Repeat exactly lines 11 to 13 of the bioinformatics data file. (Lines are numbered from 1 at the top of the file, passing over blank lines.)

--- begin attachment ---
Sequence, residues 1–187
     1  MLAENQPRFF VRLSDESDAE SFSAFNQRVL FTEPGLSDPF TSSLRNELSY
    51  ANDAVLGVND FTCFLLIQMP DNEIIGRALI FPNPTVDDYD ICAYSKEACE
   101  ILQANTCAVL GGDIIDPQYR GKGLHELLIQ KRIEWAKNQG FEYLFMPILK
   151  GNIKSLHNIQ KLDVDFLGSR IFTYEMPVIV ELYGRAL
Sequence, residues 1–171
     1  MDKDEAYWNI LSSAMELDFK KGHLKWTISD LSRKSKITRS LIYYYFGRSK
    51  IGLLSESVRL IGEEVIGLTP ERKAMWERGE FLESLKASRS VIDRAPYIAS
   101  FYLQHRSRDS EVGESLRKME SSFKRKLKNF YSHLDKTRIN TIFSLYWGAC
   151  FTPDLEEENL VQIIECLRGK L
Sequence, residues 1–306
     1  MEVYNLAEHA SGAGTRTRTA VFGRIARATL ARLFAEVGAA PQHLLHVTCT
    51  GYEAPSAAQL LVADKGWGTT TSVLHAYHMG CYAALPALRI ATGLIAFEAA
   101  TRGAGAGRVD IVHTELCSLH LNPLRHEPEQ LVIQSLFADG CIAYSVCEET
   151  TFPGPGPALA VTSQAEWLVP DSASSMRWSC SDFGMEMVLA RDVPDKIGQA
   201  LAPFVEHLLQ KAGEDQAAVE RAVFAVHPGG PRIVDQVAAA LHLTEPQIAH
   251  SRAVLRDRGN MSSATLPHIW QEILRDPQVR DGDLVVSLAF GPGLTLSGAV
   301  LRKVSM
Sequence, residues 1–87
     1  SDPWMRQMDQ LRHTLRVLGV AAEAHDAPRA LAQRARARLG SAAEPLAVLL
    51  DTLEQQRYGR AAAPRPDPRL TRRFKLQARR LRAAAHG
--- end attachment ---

Sequence, residues 1–306
     1  MEVYNLAEHA SGAGTRTRTA VFGRIARATL ARLFAEVGAA PQHLLHVTCT
    51  GYEAPSAAQL LVADKGWGTT TSVLHAYHMG CYAALPALRI ATGLIAFEAA